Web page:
Recorded entirely in the places where musicians most often congregate (hotel rooms, on the bus, on stage, and backstage), Running on Empty was an ambitious project that organically evolved from within the framework of a concert tour. Featuring the title track as its introductory overture and a pairing of The Load Out with Maurice Williams and the Zodiacs’ Stay as its fitting conclusion, it undeniably contained a narrative arc that was executed quite brilliantly and subsequently was borrowed by both Cameron Crowe (Almost Famous) and Wilco (summerteeth). What truly made the album resonate, however, was its hard-hitting emotional content — that is, the isolation, the alienation, and the disillusion that lay beneath the miles of asphalt that paved its surface.

For certain, the life of a rock star is nearly as mythological as the allure of the open road. Yet, as Browne pulled back the curtain on his sojourns, he lay bare the illusion for what it was: an endless stream of gigs, parties, and one-night stands that quickly began to blur together into a lonely and bleak existence that inevitably made real relationships impossible to fathom. In doing so, he unquestionably revealed a lot about himself as well as the era in which Running on Empty was made, but in the process, he also managed to uncover universal truths about people, about life, and about the manner in which men and women tend to interact. These, of course, are subjects that already had frequented Browne’s compositions with tremendous regularity, but with each passing album, from his self-titled debut to The Pretender, he further refined and refocused his vision. In other words, Running on Empty was merely the culmination of his journey.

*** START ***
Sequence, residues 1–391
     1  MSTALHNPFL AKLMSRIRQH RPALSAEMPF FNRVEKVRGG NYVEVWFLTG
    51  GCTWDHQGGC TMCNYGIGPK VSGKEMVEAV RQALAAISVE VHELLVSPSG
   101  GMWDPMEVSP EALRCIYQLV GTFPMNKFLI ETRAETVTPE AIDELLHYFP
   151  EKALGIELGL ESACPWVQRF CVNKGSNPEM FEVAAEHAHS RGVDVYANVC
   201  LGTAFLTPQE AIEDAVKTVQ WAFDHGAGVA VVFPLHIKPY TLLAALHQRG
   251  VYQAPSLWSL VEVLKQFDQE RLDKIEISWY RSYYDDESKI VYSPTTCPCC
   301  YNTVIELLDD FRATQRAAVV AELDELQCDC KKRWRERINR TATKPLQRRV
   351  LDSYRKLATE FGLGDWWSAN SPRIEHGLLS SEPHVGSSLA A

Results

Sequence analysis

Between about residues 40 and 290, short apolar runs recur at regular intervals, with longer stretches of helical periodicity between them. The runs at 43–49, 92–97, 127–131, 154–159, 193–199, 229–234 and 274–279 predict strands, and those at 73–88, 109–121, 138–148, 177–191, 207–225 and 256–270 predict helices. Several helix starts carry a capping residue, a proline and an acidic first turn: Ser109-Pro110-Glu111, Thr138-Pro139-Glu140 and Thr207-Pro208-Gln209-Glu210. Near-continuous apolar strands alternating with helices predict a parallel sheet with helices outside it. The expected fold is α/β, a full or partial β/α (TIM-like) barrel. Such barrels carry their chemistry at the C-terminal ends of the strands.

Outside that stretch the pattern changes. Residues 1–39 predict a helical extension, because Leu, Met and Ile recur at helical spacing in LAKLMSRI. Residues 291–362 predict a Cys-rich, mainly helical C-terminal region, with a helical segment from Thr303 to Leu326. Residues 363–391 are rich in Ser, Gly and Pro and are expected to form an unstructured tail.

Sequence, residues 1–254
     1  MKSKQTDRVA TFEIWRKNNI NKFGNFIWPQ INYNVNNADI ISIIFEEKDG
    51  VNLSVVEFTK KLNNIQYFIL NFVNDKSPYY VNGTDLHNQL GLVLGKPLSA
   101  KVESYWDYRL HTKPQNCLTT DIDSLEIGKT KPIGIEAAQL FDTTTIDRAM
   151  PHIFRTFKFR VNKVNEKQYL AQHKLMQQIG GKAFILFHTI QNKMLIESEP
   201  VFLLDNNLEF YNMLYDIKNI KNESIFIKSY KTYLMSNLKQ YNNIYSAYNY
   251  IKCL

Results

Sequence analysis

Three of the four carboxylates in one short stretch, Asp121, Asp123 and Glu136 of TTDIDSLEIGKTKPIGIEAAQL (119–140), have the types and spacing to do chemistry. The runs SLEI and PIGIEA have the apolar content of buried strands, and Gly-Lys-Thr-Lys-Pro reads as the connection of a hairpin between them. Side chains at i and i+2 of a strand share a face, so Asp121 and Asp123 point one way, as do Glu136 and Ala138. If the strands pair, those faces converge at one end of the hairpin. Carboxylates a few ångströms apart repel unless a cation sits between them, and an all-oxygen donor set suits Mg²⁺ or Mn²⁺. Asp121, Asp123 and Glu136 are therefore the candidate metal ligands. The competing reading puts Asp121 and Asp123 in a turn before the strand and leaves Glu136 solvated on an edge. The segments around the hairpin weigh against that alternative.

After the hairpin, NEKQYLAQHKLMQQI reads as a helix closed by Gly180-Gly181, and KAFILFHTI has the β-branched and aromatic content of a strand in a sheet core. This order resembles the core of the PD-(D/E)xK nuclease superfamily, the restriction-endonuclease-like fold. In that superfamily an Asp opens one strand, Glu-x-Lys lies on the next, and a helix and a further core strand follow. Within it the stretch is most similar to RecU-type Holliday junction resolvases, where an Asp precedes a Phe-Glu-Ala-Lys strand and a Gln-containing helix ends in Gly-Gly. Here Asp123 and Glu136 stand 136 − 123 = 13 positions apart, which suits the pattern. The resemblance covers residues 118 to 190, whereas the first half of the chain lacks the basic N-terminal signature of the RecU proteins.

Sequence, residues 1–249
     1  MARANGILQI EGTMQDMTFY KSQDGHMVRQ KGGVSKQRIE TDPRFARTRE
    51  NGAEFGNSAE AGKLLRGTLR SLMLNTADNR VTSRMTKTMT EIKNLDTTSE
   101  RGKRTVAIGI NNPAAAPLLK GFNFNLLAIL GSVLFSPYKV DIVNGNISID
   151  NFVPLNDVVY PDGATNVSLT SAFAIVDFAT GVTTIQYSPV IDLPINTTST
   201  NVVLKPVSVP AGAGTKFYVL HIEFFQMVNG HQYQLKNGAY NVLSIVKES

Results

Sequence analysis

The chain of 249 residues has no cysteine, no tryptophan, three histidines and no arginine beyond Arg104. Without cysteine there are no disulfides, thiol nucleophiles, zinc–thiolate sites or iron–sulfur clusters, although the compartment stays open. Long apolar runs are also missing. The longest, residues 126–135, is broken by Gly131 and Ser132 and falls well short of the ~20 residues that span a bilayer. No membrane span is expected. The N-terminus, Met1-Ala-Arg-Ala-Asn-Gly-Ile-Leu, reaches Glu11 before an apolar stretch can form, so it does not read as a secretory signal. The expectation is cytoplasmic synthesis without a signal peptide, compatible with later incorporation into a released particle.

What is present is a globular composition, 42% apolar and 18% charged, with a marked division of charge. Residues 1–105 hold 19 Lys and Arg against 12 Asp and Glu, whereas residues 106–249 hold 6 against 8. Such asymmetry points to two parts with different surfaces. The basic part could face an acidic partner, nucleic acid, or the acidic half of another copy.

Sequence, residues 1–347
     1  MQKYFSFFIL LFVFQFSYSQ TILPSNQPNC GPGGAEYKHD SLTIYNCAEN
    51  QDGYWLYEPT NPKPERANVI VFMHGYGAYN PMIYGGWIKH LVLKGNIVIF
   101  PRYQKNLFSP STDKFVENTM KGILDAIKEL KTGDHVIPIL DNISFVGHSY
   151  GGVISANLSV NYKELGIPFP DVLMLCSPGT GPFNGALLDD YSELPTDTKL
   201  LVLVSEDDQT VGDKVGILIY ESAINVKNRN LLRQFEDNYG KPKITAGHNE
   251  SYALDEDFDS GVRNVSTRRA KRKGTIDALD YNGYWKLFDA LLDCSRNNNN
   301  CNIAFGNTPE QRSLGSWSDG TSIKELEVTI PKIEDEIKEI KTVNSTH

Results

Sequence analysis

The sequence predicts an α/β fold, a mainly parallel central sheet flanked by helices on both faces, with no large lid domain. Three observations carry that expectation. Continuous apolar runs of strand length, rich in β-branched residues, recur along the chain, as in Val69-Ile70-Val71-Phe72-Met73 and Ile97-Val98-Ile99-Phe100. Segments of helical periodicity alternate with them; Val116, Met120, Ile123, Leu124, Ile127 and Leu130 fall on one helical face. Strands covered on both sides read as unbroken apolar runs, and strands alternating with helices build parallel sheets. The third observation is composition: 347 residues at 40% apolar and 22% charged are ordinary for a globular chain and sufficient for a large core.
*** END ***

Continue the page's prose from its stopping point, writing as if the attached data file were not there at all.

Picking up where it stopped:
Too often, Browne’s material has been dismissed as sexist or, worse, misogynistic, but such statements typically have sprung from superficial examinations of his lyrics. True, Running on Empty was full of songs about casual liaisons with groupies, but there also was a distinctive yearning for greater connection embedded within its thematic content. For proof, look no further than the crushing Love Needs a Heart, which, co-written with Lowell George and Valerie Carter, painted an harrowing portrait of a man who desperately wants to stop compartmentalizing his emotions, but also can’t muster the courage to break free from his vicious cycle of jumping into a relationship and then fleeing from commitment. In fact, every aspect of Running on Empty was imbued with the tired and tense temperament that came from being in a constant state of motion, whether it was from town-to-town, person-to-person, or more frequently both, and there was little doubt that Browne, like many artists, thrived upon having his life be in a continuous state of flux. Yet, the tragic truth that he discovered was that even if it was the only way that he knew how to live, such a lifestyle wasn’t sufficient. It’s not surprising, then, that, along the way, he forged friendships among his band and crew and that he found joy solely when he was performing in front of his adoring fans. Such is the existence of a touring musician, and rarely has it been captured in as heartbreaking and eloquent a fashion as Browne accomplished with Running on Empty. starstarstarstarstar



Of Further Interest...

Los Lobos - Tin Can Trust

John Mellencamp - Trouble No More

Tom Petty - Wildflowers


Running on Empty [Original CD] is available from
Barnes & Noble. To order, Click Here!



1 Star: Pitiful
2 Stars: Listenable
3 Stars: Respectable
4 Stars: Excellent
5 Stars: Can't Live Without It!!


Copyright © 2005 The Music Box